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J Int AIDS Soc. 2019 Dec;22(12):e25436. doi: 10.1002/jia2.25436.

Randomized controlled trial of a positive affect intervention to reduce HIV viral load among sexual minority men who use methamphetamine.

Author information

1
University of Miami School of Medicine, Miami, FL, USA.
2
San Francisco School of Medicine, University of California, San Francisco, CA, USA.
3
Berkeley School of Social Welfare, University of California, Berkeley, CA, USA.
4
San Diego School of Medicine, University of California, La Jolla, CA, USA.
5
Departments of Family Medicine and Psychiatry, Los Angeles David Geffen School of Medicine, University of California, Los Angeles, CA, USA.
6
Department of Psychology, San Diego State University, San Diego, CA, USA.
7
San Francisco AIDS Foundation, San Francisco, CA, USA.
8
Department of Medical Social Sciences, Northwestern University, Chicago, CA, USA.

Abstract

INTRODUCTION:

In the era of HIV treatment as prevention (TasP), evidence-based interventions that optimize viral suppression among people who use stimulants such as methamphetamine are needed to improve health outcomes and reduce onward transmission risk. We tested the efficacy of positive affect intervention delivered during community-based contingency management (CM) for reducing viral load in sexual minority men living with HIV who use methamphetamine.

METHODS:

Conducted in San Francisco, this Phase II randomized controlled trial tested the efficacy of a positive affect intervention for boosting and extending the effectiveness of community-based CM for stimulant abstinence to achieve more durable reductions in HIV viral load. From 2013 to 2017, 110 sexual minority men living with HIV who had biologically confirmed, recent methamphetamine use were randomized to receive a positive affect intervention (n = 55) or attention-control condition (n = 55). All individual positive affect intervention and attention-control sessions were delivered during three months of community-based CM where participants received financial incentives for stimulant abstinence. The 5-session positive affect intervention was designed to provide skills for managing stimulant withdrawal symptoms as well as sensitize individuals to natural sources of reward. The attention-control condition consisted of neutral writing exercises and self-report measures.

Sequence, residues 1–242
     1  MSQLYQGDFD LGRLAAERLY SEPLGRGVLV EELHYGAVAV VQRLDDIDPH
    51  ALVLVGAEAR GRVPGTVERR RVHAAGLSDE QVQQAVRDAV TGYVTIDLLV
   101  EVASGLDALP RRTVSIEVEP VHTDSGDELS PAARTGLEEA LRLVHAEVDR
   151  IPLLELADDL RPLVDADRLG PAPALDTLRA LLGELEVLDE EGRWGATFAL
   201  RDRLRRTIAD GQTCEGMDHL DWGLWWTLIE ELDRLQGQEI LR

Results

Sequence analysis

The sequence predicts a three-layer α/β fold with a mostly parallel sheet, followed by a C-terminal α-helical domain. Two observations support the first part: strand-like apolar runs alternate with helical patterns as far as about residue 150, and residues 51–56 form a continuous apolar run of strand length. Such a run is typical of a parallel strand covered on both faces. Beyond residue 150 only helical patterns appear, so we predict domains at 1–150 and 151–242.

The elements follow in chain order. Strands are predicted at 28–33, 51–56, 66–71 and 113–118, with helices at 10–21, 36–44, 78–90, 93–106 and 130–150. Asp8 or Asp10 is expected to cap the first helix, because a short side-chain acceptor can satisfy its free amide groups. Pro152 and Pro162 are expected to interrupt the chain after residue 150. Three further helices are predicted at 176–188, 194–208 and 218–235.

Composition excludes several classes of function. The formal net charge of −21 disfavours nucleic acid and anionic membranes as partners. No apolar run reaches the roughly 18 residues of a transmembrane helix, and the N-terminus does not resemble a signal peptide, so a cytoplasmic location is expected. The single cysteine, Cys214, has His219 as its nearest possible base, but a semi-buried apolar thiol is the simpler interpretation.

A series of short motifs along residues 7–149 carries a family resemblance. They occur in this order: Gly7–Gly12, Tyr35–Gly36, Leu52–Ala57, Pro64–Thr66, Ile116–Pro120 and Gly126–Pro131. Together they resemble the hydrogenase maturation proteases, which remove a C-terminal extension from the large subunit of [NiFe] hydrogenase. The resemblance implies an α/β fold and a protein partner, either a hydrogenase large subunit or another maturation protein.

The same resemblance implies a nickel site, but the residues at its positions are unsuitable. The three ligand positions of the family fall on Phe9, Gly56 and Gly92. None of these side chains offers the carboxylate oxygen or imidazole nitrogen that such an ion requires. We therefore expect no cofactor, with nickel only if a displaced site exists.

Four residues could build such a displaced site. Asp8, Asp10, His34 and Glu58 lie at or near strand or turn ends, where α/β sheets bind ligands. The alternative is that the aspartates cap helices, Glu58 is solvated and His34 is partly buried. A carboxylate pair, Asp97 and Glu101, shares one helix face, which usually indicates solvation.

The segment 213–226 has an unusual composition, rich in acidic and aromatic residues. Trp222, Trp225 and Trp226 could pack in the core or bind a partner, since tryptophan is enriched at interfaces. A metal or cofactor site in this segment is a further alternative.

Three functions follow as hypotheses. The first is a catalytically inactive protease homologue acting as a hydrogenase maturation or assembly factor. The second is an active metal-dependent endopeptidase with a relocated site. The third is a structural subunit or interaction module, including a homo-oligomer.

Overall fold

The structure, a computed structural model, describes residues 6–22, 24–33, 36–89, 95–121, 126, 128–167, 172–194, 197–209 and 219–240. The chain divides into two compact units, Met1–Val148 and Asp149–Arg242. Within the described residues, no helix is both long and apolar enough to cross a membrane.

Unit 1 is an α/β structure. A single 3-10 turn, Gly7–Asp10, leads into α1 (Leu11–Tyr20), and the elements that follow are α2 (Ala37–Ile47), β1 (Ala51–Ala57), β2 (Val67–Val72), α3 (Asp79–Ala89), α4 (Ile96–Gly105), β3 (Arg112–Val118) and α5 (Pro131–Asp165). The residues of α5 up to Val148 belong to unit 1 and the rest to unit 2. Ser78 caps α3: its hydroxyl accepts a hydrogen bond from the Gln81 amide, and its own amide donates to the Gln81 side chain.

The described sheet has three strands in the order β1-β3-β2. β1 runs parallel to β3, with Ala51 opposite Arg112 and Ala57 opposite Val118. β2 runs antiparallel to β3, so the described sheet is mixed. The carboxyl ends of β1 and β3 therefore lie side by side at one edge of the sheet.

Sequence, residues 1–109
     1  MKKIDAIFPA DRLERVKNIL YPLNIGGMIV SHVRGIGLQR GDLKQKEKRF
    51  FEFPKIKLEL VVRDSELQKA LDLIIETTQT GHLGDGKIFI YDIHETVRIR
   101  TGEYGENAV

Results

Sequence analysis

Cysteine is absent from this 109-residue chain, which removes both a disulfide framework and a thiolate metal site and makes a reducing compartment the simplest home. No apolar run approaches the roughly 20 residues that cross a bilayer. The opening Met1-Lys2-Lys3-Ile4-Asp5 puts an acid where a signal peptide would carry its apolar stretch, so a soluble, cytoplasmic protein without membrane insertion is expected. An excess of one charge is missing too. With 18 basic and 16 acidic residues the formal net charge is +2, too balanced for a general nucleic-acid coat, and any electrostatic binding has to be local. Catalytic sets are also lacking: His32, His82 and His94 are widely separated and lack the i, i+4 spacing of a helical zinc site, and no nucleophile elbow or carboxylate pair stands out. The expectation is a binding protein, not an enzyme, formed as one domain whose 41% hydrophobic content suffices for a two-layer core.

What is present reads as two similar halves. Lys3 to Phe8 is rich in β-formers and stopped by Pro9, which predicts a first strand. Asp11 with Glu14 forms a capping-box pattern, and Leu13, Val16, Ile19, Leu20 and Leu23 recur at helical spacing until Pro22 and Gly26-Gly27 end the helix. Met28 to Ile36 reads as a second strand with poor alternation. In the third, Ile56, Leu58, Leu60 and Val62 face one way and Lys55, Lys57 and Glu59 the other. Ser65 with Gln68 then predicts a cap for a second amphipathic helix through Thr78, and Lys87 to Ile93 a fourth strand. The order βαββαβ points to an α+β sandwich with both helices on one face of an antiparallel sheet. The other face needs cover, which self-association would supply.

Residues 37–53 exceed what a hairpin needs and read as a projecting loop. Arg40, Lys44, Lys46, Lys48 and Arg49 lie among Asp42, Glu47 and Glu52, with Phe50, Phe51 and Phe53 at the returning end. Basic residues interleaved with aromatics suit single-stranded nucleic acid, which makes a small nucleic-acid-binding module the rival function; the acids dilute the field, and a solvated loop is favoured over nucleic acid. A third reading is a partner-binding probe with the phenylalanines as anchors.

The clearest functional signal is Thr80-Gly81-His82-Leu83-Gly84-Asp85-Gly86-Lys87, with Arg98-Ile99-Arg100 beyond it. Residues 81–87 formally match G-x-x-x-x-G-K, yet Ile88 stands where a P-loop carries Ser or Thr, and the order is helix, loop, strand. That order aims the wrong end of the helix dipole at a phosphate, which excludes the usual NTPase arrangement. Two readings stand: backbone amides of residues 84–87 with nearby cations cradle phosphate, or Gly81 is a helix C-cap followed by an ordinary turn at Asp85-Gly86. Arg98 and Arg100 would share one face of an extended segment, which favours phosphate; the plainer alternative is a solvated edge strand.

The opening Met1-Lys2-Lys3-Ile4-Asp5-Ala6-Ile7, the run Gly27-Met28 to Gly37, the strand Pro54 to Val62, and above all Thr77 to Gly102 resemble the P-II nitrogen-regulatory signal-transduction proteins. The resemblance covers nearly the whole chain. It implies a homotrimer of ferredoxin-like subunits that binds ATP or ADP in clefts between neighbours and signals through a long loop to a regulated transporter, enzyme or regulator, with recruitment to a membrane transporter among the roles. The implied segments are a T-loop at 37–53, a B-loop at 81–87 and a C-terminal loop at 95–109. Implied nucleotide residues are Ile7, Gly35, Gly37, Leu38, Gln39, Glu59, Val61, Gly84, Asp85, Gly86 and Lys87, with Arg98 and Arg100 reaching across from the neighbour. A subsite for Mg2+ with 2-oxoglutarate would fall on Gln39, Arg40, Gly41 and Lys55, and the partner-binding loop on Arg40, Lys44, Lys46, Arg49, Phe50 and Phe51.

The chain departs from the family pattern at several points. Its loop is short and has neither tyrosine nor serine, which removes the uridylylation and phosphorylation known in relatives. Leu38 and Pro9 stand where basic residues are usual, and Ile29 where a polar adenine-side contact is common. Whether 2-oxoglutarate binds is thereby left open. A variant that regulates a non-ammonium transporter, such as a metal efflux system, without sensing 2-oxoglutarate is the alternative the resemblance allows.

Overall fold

RESULTS:

Men randomized to the positive affect intervention displayed significantly lower log10 HIV viral load at six, twelve and fifteen months compared to those in the attention-control condition. Men in the positive affect intervention also had significantly lower risk of at least one unsuppressed HIV RNA (≥200 copies/mL) over the 15-month follow-up. There were concurrent, statistically significant intervention-related increases in positive affect as well as decreases in the self-reported frequency of stimulant use at six and twelve months.

CONCLUSIONS:

Delivering a positive affect intervention during community-based CM with sexual minority men who use methamphetamine achieved durable and clinically meaningful reductions in HIV viral load that were paralleled by increases in positive affect and decreases in stimulant use. Further clinical research is needed to determine the effectiveness of integrative, behavioural interventions for optimizing the clinical and public health benefits of TasP in sexual minority men who use stimulants such as methamphetamine.

KEYWORDS:

HIV; contingency management; men who have sex with men; methamphetamine; mindfulness; positive affect

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